According to the researchers studying online black markets, the number of listings for illegal products and services has actually gone up following the original Silk Road takedown (Silk road 2.0 is up and bigger than the original). At least one researcher believes this means the illegal trade will grow even more.
Almost all of these markets use Bitcoin. James Martin, author of a new book on the subject, suggests that Bitcoin was utterly critical to Silkroad’s development and the developments of cryptomarkets in general. Silkroad mastermind, Dread Pirate Roberts, acknowledged this, calling it one of the “pillars of Silk Road.”
Changes in the Market after the Bust
In the 6-month period following the original Silk Road closure, new “dark markets” appeared and illegal goods listings grew considerably, according to researchers from the Digital Citizens Alliance.
The non-profit group found the number of drug listings on the largest dark markets nearly doubled in that 6 month period to 32,029, versus six months earlier when the original Silk Road was taken offline. The group’s report looked at listings from 11 of the currently operational black market sites, six of which had been newly launched: Silk Road 2.0, Agora, Evolution, White Rabbit Anonymous Marketplace, Outlaw Market, The Pirate Market, and more.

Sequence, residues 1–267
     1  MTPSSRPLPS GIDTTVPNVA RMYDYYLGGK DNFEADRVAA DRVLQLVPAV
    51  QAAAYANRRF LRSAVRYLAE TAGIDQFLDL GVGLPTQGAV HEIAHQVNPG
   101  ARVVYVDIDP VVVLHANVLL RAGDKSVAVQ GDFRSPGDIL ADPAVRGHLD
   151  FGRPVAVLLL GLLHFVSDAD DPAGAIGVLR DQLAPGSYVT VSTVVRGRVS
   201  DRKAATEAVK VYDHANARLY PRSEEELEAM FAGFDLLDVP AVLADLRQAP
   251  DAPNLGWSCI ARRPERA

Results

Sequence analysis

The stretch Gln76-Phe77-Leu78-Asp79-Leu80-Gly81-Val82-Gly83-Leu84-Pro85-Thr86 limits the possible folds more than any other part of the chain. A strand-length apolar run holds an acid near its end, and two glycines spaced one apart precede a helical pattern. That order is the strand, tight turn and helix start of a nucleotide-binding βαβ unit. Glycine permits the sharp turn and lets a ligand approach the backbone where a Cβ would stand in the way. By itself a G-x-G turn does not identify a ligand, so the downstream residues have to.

On the other hand, a 2012 paper from Carnegie Mellon University computer engineering professor, Nicolas Christin, suggests that around 1.35 million BTC passed through Silk Road from 2011 until 2012, meaning the market’s transactions made up about 4.5% of all BTC transactions. It is still not clear, according to Christin, what the impact of the market’s closure had on the Bitcoin economy as a whole.
Nevertheless, it seems fairly clear that online black markets are popular among drug dealers for a simple reason: despite the risk of an FBI raid, they’re still safer than doing business the conventional way. For those who sell drugs, law enforcement is only part of the risk — a much bigger risk is someone trying to kill them and steal their stash of drugs.
For these dealers, online black markets help remove the “systemic violence” inherent to the narcotics business. Dark market vendors do not need assistance from the organized criminal gangs which usually take care of security and distribution in exchange for protection money. Consumers similarly don’t have to deal with potentially violent gang members either.